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Gear ratios

Stick8267Stick8267 Posts: 154
As I understand it you calculate a gear ratio by dividing the teeth on the front cog by the teeth on the rear cog. This means that with, for example, a compact you can ride the same ratio using the 50 or 34 tooth by selecting the appropriate rear wheel gear.

My question is for any given ratio is there an advantage in using the 34 tooth ring as the point of force application to the chain is further from the pedal? This means there should be a lever advantage compared to using the 50 ring.

So is this right? Is the effect significant? Am I spending too much time thinking about this sort of thing? Should I have concentrated more in physics?

Posts

  • boggybrnboggybrn Posts: 29
    Hmm... where to start!

    It makes almost no difference provided you keep the same ratio.

    I say almost because the chain is less efficient when running on a really small rear sprocket - so it is actually better to use a bigger chainring at the front as you lose less energy in the chain.
  • TommyEssTommyEss Posts: 1,855
    Your efficiency for a given ratio comes from the straighter of the two chain lines. Smaller sprockets wear quicker than larger, which would be a sign of mechanical wear (i.e. less efficient)

    But you probably are overthinking it a little - it depends what kind of terrain you're in - if it's hilly and you're likely to be heading up hill soon after, then the smaller ring makes more sense, as your next gear change will be a couple of sprockets.
    Cannondale Synapse 105, Giant Defy 3, Giant Omnium, Giant Trance X2, EMC R1.0, Ridgeback Platinum, On One Il Pompino...
  • sub55sub55 Posts: 1,025
    If its transmission efficency you want , big chain ring, big sprocket , bigger the better with a straight chain line .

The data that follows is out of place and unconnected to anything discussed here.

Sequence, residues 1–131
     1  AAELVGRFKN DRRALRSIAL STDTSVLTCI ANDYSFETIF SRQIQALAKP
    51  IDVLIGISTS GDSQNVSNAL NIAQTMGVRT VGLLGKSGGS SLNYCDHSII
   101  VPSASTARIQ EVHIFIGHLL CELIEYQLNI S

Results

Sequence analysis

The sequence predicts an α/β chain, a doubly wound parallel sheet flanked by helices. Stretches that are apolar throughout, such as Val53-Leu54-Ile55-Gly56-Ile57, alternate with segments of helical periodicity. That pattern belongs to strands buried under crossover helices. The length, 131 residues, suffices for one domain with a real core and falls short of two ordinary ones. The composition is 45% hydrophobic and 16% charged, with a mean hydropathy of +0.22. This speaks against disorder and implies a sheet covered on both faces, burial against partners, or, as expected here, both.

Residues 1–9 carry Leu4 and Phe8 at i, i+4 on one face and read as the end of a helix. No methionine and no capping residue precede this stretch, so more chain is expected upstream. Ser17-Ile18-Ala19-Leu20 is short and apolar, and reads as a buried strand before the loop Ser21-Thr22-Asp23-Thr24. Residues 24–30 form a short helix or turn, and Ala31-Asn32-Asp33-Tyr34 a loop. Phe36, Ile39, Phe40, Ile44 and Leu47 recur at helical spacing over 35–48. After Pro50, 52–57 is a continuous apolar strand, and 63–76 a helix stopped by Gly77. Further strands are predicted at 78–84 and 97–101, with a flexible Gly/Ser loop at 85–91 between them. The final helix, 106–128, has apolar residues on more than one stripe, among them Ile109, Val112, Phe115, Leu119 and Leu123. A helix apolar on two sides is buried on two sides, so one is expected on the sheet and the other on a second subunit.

This is why lots of testers out there ride with a 55 or 56 t chain ring. Not because they can push massive gears all day long. In a same vain , the bigger the chain ring , the smaller the percentage difference , one tooth on the sprocket makes. So its easier to maintain cadence.
    constantly reavalueating the situation and altering the perceived parameters accordingly
  • John.TJohn.T Posts: 3,698
    My question is for any given ratio is there an advantage in using the 34 tooth ring as the point of force application to the chain is further from the pedal? This means there should be a lever advantage compared to using the 50 ring.
    You then lose this advantage by driving a smaller sprocket to turn the same wheel. Using the small ring for the same ratio increases chain tension so may increase friction and wear. Using the bigger ring usually feels better unless the chain line is way out.
  • Stick8267 wrote:
    Is the effect significant?
    No.

    But you generally won't get exactly the same ratio from the two chain rings.

    The only difference may be in drive train efficiency losses when you consider large ring & large cog v small ring & small cog (which could be a percentage point or two of power). There is conflicting evidence about which is better combination from a drive train efficiency point of view, as well as being complicated by the amount of cross chaining going on.